Occasionally you’ll find a bottle of Jimador reposado tequila on sale for 190 pesos ($10) or less. If so, snag it. This is the most popular tequila in Mexico, so if you grab something to bring to a party, you can’t go wrong with this brand. (If you’re spending $25 or more for a really good friend though, go with Don Julio.) It’s kind of the Budweiser of tequilas though, nothing to get excited about but always available.
You can pretty much always find the blanco version for 200 pesos or less though, even in a convenience store, so it’s a good default buy if you’re looking for something to make margaritas or palomas with. It’s a bit harsh to drink straight, like most blanco brands since there’s no aging, but it’s good for mixing. If you want to sound smart as you’re pouring drinks, a Jimador is the guy who cuts the spiky leaves off the agave plant and loads the big fruit into the truck.
El Amo Tequila
This brand is not as easy to find as it was when I first moved here, so it’s clearly not the most popular tequila in Mexico by any standard, but if you see it on the shelf it is a dependable choice for under 10 bucks. It has a nice wooden cap that gives it a little extra cachet and what’s inside is not bad at all for the price.
This brand may not win any points from your Mexican friends if there are ten other bottles on the table, but if yours is the only one, don’t worry. They’ll be quite happy to see you once they take their first sip.
I have picked up Mayorazgo tequila on several occasions and for just a shade over 10 bucks in a Mexican supermarket, you really can’t go wrong. It has a pretty glass bottle, a nice wooden cap, and would fare well in a blind taste test against better-known brands costing twice as much.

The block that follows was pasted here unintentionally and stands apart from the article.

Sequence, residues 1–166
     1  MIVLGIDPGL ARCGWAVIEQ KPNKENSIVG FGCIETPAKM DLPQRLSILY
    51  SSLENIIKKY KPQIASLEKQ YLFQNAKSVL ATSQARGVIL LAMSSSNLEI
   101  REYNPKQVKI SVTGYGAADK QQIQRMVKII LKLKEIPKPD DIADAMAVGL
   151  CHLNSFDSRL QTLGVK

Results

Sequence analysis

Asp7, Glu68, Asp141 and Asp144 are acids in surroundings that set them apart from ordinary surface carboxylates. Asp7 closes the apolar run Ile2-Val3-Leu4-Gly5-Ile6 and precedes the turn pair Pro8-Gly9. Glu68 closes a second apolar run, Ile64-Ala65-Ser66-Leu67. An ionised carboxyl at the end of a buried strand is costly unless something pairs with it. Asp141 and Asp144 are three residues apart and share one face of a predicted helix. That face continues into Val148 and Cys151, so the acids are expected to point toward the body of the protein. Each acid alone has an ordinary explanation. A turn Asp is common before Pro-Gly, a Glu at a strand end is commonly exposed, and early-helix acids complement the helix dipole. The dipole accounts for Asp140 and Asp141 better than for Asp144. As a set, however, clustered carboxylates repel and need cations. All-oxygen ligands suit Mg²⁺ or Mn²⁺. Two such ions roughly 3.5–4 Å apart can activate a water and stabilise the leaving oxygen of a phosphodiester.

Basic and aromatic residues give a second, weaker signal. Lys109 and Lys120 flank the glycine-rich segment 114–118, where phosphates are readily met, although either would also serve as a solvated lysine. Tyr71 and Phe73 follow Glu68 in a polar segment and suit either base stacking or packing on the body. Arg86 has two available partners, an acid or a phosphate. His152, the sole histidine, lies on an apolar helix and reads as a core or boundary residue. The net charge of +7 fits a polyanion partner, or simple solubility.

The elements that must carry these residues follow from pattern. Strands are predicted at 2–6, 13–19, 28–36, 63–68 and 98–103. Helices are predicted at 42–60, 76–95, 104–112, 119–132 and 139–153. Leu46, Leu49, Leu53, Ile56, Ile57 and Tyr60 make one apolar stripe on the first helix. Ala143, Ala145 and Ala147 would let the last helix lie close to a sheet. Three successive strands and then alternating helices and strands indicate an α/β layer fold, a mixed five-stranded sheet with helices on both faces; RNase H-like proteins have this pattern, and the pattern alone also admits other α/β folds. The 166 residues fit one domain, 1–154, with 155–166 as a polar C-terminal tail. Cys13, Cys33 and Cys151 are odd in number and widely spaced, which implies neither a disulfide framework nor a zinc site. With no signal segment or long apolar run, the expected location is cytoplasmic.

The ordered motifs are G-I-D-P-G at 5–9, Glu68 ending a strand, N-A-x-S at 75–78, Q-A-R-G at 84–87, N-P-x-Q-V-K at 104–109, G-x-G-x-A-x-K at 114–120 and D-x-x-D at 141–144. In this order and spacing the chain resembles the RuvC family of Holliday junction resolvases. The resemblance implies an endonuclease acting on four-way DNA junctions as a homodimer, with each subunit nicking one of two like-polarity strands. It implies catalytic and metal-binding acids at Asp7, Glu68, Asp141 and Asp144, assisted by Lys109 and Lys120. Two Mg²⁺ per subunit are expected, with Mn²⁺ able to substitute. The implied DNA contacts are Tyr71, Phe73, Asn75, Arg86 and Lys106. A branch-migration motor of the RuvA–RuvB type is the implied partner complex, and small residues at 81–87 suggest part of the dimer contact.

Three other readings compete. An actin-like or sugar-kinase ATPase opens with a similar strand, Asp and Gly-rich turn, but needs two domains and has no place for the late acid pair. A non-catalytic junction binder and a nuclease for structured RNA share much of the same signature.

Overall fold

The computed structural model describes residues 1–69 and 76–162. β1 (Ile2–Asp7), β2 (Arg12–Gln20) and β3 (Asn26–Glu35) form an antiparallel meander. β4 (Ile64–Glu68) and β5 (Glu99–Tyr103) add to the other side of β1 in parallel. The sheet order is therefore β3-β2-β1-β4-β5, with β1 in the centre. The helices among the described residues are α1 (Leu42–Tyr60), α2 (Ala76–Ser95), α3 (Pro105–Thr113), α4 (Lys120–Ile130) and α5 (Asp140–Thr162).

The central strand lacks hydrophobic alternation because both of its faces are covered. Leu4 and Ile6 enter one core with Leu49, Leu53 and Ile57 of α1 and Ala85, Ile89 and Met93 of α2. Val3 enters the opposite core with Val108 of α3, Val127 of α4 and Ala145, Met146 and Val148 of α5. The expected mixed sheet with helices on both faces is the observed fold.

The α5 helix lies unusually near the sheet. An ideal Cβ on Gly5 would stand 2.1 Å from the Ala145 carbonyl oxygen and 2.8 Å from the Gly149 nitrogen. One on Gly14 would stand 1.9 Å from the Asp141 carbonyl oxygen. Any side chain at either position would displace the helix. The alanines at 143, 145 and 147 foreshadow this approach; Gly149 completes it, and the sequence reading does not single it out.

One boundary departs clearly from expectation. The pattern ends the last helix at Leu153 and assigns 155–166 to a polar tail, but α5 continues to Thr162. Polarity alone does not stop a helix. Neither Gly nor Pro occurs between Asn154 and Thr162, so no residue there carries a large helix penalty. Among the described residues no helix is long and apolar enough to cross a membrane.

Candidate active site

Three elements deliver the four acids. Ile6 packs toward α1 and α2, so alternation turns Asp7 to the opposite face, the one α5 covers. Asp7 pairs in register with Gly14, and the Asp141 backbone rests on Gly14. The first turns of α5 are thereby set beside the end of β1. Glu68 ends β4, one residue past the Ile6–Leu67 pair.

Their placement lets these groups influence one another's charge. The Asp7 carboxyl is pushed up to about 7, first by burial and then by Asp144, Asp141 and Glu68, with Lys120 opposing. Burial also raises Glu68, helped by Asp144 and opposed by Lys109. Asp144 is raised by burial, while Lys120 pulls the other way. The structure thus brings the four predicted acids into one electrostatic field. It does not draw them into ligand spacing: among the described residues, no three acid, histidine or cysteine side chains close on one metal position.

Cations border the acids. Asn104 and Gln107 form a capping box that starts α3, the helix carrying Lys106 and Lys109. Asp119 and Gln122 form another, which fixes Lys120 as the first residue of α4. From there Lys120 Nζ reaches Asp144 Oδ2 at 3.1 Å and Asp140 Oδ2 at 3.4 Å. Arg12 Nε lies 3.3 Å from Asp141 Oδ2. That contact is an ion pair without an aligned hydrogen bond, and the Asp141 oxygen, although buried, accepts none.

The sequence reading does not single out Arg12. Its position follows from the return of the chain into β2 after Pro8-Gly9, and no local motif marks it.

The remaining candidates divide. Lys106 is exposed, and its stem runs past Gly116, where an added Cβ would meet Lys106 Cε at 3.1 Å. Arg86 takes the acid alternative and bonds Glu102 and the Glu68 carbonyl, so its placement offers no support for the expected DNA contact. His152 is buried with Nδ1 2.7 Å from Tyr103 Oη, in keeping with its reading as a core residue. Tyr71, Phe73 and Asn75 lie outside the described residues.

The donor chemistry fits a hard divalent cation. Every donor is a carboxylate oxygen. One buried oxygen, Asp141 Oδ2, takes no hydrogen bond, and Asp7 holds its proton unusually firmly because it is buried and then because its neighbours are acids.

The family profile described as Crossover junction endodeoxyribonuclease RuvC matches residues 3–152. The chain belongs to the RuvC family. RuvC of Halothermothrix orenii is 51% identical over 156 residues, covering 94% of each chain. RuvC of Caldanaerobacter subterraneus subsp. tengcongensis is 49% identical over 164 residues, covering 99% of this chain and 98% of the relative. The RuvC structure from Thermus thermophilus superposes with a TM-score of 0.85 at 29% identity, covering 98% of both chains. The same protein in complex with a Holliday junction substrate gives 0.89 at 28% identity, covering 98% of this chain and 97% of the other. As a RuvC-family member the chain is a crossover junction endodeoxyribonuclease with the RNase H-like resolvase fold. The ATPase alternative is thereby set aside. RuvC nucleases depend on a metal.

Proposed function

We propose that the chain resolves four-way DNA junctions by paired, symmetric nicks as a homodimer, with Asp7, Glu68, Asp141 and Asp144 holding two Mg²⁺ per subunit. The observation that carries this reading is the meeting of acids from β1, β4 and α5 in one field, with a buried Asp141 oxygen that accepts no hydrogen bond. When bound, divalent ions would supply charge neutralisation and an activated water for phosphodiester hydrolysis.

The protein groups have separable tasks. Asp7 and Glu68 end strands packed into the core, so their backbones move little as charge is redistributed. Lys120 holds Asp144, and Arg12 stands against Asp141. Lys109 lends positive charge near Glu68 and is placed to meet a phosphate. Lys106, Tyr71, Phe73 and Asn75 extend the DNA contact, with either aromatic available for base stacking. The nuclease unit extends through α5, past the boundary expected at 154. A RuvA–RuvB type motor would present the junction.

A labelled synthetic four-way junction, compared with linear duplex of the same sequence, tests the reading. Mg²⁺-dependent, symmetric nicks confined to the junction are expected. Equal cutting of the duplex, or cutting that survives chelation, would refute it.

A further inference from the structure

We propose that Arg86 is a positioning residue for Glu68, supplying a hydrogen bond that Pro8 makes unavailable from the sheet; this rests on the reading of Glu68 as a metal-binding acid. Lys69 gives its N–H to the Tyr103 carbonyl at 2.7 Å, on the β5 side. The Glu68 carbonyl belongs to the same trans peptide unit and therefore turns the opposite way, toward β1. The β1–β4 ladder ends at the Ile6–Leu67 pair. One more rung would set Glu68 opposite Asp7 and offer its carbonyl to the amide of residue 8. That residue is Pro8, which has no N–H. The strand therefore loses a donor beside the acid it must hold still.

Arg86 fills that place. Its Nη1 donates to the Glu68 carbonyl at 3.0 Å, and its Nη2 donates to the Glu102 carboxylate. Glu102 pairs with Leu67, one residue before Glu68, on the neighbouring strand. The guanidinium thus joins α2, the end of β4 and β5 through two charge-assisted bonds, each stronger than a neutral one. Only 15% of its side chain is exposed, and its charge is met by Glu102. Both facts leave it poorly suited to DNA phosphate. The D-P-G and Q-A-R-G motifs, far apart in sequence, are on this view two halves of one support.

This is my favorite reasonably priced tequila and the one I’m buying the most these days. Cazadores used to routinely be closer to 20 bucks in Mexico, but thanks to a peso devaluation I’ve found it multiple times now for under $15. Sometimes in a nice gift box even!
This is a complex “Los Altos” highland tequila that’s triple-distilled and smooth. Sip it neat with friends and you’ll wonder how your bottle got empty so fast. Rather than going eeny meeny miney moe when overwhelmed with choices, this is the one to pick that’s available almost anywhere for under $15.
As with Cazadores, this easy-to-find brand has steadily come down in price since I first moved to Guanajuato. You can consistently find it in any Oxxo convenience store, so it’s an easy default choice to grab and go. Azul Tequila is also widely available in the USA, so you can try it there first to see if you like it, then get it for half price or less when you land in Mexico.
Campo Azul Selecto
Have you ever seen such a nice bottle of liquor for just $8? That’s how much you’ll spend on this pretty custom bottle from Campo Azul and what’s inside it is quite good. Bring this one to someone’s house (or back from a Mexican vacation) and they’ll probably think you spent much more than you did.
What’s worth the splurge?
I don’t drink only cheap tequila, of course, especially when I’m writing about some all-inclusive resort and it’s an open bar. If you want to know my favorites if money is no object, those would be Don Julio 1942 and Clase Azul in the nice porcelain bottle. The 99,000 Horas from my home state of Guanajuato is quite good too and is a terrific value. Cuervo’s Reserva de la Familia makes a great gift because the artistic box changes each year and it is consistently good, but I personally would have trouble parting with a hundred bucks to purchase it myself.
Despite what the marketers want you to believe, there is very little correlation between price and quality. This is very clear every time you see the winners from spirits competitions where there was a blind taste test. If you see a bottle at the duty-free shop that’s $250, you can bet that $200 of that is usually going to marketing and packaging. Those bottles seldom rank the highest in judging competitions. You can often do just as well by spending far less.
How about you? Have you found any happy cheap tequila surprises on the shelf or at the bar in Mexico?